If very high interest rates are bad for Europe, then very low ones must be good, right? Seems logical. Yet the big drop in yields on government bonds of Italy, Spain, Ireland, and Portugal isn’t entirely positive, especially for the European Central Bank.
Here’s why: Rates are dropping because markets have lost faith in European leaders’ ability to spur economic growth, while retaining confidence that Europe won’t let governments default on their debts. In other words, bond prices are rallying on the prospect of an era of slow growth coupled with heavy-handed government intervention.
As reported by Bloomberg News, yields on two-year notes issued by the Italian and Irish governments today touched their lowest levels since Bloomberg began keeping records in 1993. Italy got down to just over 1.1 percent, and Ireland to around 0.8 percent.
Interest rates fall when the economy is weak because fewer people and businesses are interested in borrowing. Also, the European Central Bank is more likely to cut the short-term rate it controls in hopes of stimulating loan demand. For Europe, the latest bad news was an unexpected decline in a German purchasing managers’ index. “The data is sufficiently weak to up the pressure on the ECB to cut rates in June,” Lena Komileva, managing director at G+ Economics, wrote today in an e-mail to Bloomberg. “The only question is why the ECB has not cut rates already.”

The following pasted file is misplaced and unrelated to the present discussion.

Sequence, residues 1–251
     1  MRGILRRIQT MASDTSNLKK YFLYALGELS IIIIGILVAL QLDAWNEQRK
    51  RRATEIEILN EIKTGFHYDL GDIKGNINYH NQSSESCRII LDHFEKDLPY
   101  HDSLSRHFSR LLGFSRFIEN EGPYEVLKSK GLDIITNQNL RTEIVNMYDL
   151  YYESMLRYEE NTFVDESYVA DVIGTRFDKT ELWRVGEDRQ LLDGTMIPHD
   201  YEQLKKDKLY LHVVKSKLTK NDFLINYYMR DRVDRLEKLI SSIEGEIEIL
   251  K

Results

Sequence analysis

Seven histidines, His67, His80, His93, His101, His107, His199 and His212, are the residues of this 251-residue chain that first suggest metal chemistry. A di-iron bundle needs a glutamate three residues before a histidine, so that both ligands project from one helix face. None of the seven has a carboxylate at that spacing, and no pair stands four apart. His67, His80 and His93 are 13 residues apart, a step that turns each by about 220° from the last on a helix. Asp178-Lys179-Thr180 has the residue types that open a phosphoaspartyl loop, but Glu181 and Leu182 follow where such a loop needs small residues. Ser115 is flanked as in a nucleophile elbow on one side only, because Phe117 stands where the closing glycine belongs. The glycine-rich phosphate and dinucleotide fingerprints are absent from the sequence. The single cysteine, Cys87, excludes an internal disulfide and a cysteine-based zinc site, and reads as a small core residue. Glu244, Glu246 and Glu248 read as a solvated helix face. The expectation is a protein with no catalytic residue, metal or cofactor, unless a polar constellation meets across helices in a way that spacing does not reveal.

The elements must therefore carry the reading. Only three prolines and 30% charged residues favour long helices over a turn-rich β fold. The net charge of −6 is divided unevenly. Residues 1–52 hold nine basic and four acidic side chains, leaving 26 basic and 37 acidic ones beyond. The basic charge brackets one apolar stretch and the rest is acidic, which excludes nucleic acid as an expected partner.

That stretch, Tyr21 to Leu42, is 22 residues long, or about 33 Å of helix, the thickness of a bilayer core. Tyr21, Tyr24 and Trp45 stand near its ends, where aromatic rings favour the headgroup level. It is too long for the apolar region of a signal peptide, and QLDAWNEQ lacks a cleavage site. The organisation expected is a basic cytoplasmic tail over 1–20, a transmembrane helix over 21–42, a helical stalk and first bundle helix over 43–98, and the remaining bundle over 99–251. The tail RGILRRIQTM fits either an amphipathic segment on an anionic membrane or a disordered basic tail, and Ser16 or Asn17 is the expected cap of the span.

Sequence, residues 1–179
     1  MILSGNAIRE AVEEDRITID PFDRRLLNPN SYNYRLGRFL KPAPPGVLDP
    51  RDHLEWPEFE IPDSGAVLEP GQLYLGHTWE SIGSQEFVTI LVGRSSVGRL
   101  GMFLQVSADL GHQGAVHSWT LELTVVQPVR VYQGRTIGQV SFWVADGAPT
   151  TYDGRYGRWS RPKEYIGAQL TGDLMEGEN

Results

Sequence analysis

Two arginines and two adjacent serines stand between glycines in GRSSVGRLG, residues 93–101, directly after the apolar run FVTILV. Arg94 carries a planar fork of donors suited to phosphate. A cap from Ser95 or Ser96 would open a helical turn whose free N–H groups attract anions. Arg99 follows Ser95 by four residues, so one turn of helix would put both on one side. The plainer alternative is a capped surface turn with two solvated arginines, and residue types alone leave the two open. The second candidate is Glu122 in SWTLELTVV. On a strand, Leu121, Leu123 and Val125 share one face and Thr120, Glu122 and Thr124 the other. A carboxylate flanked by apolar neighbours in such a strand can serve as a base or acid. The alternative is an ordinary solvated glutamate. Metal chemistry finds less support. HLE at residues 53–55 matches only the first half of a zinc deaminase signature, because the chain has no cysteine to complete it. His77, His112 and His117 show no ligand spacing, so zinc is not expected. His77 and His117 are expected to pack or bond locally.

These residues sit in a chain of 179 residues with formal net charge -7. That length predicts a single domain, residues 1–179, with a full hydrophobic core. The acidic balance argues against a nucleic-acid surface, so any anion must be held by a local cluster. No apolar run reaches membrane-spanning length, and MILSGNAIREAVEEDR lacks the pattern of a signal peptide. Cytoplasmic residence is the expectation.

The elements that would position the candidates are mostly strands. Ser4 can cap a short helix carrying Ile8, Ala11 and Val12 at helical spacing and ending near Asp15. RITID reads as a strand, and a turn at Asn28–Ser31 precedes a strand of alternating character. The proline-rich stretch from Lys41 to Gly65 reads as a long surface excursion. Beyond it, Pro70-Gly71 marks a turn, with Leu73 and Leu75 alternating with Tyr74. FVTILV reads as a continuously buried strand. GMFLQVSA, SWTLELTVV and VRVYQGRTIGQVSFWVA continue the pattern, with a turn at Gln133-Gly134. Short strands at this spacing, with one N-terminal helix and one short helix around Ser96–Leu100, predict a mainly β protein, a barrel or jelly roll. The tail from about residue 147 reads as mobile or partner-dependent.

Interest rates jumped in 2011 and 2012 when investors worried that big countries such as Spain and Italy might fail to pay back their government borrowings. But the risk of that subsided last year when ECB President Mario Draghi vowed to do “whatever it takes” to keep the euro zone intact, and the ECB adopted programs to back up his promise.
It’s good that investors are willing to lend to the likes of Italy and Spain at affordable rates. It’s not so good that they’re doing so at least in part because of an implicit guarantee by the European Central Bank. European bond markets would be healthier if rates reflected more closely the creditworthiness of the various nations. At this stage, a rise in rates might actually be preferable—if it reflected growing confidence in Europe’s ability to grow and prosper.